Short Bytes: In the second article of Getting Started With Raspberry Pi series on fossBytes, I’ll be telling you about all the big and small components you’ll be needing to get started and how to hook them up.
In the first introductory article, we introduced you to the Pi, its hardware specifications, software and others aspects. In the second article, I’ll be telling you about all the big and small components you’ll be needing to get started and how to hook them up to your Pi. We’ll also be providing the complete starter kit buy links at the end, that’ll help you to order the products.
Let’s get started with Raspberry Pi and know about everything you need:
A Raspberry Pi:
An HDMI cable/composite cable and monitor:
Before you start using your Raspberry Pi, you’ll be needing a display. The Pi supports three types of video outputs: HDMI video, composite video and DSI video. You can easily use HDMI video and composite video as DSI needs a specialized hardware. We’ll suggest you to used HDMI cable as it offers better resolution and built-in sound. You can also use a composite video cable for this purpose.
You’ll also be needing an HDMI or composite video compatible monitor to use as your display device.
An SD Card:
Raspberry Pi doesn’t come with an onboard storage, so you need a blank SD card to flash an operating system onto the card. It’s advisable to use an 8GB card class 10 SD card. In the next tutorial, we’ll be telling you how to flash your card with an operating system.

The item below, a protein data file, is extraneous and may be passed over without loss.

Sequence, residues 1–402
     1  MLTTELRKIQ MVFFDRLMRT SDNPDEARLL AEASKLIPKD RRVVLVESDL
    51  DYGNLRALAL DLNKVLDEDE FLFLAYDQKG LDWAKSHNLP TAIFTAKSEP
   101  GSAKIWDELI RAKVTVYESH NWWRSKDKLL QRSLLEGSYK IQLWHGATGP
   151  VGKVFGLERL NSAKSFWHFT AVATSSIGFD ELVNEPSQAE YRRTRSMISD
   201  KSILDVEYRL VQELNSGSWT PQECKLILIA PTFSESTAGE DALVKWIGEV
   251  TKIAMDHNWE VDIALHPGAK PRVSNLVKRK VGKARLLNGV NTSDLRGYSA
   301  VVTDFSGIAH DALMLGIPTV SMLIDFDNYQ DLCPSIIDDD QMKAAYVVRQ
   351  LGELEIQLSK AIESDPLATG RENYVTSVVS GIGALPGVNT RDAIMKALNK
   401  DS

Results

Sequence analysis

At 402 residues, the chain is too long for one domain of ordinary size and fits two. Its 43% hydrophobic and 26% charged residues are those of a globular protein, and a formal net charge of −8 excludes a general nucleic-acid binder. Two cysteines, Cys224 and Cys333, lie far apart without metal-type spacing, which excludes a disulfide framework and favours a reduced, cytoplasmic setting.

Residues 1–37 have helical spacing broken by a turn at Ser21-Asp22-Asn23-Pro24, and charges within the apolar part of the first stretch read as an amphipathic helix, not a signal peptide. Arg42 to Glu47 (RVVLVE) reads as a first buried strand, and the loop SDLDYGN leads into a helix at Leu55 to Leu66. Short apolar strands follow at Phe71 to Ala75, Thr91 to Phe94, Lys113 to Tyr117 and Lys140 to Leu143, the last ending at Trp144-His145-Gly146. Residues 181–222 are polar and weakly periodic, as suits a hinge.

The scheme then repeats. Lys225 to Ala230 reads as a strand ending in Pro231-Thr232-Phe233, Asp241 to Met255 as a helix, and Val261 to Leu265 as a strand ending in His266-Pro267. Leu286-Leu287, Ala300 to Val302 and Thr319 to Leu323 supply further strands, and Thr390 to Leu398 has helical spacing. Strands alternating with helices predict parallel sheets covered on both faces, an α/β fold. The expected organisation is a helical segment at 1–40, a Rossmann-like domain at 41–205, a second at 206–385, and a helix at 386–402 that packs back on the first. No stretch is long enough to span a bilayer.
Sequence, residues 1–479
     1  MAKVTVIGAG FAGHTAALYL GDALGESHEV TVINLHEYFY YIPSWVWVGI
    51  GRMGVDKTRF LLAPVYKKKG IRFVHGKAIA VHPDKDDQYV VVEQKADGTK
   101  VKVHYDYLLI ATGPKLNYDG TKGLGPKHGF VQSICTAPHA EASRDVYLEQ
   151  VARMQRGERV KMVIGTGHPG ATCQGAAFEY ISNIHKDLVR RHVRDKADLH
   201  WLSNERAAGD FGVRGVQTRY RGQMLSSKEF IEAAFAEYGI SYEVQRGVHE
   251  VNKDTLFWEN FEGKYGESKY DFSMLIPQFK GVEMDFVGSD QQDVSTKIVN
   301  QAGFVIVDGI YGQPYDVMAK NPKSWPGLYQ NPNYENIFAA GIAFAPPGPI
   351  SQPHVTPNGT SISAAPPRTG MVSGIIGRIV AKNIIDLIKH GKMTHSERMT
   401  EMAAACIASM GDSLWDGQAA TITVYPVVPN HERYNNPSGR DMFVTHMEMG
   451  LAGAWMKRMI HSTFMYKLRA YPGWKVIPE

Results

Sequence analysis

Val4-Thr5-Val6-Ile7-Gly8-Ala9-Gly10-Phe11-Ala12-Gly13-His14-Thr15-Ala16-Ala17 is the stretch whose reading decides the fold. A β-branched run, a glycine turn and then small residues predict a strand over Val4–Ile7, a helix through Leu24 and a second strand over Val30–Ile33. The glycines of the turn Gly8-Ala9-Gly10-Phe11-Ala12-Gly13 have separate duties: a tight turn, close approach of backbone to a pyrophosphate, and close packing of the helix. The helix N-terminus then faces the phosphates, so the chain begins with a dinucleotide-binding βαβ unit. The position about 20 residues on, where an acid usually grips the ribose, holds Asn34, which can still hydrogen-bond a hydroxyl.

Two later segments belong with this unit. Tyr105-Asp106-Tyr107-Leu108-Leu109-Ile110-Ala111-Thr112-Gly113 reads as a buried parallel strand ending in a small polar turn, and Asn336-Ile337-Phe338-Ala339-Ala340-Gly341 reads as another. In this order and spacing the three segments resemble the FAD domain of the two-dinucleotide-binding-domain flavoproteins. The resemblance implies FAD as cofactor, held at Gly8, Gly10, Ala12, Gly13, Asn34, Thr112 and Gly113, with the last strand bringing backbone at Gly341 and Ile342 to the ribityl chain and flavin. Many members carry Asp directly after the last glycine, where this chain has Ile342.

A USB mouse and keyboard:
To navigate in the OS, you’ll be needing a USB mouse and keyboard. You can use any standard wired or wireless keyboard and mouse with the Pi.
A 3.5 mm stereo audio cable:
You’ll be needing this to connect your Pi to external speakers only when you’re using analog video. If you’re connecting the Pi using an HDMI cable, you don’t need this.
A micro USB power supply:
All the modern phone chargers supply 700mA at 5V and it would be enough for providing juice to your Raspberry Pi. You can check the charger and read its configurations to avoid problems. You can also buy an external power supply exclusively for your DIY companion.
An Ethernet cable:
If you intend to browse the web on your display connected to the Pi, you can use any standard ethernet cable to connect to the internet.
Where to buy everything?
How to connect everything to your Raspberry Pi?
Well, once you’ve gathered everything, this shouldn’t be a problem. Take a good look at the picture below and read the following instructions to connect the desired parts:
First connect your TV or monitor using your HDMI cable. If you are using the analog/composite cable, connect it to the desired port and plug in the speakers to 3.5mm audio jack using your 3.5mm audio cable.
In the familiar Ethernet port, connect the Ethernet cable whose other end should be connected to your router. As I mentioned earlier, this shouldn’t be a difficult task.
Locate the USB ports on your Pi and connect the standard USB mouse and keyboard to get started. Finally, you’ll need to connect your Raspberry Pi to a micro USB power supply using the power adapter. As soon as you’ll connect the power supply, your Pi will automatically boot up.
You’ll also be needing to insert your SD card in the desired slot, but I’ll be leaving that to the next part when you’ll be learning to flash an OS image on the SD card.
This is just a basic tutorial telling you about the right components you’ll be needing to do great things with Pi. In the upcoming parts, we’ll be doing a lot more with the Pi.
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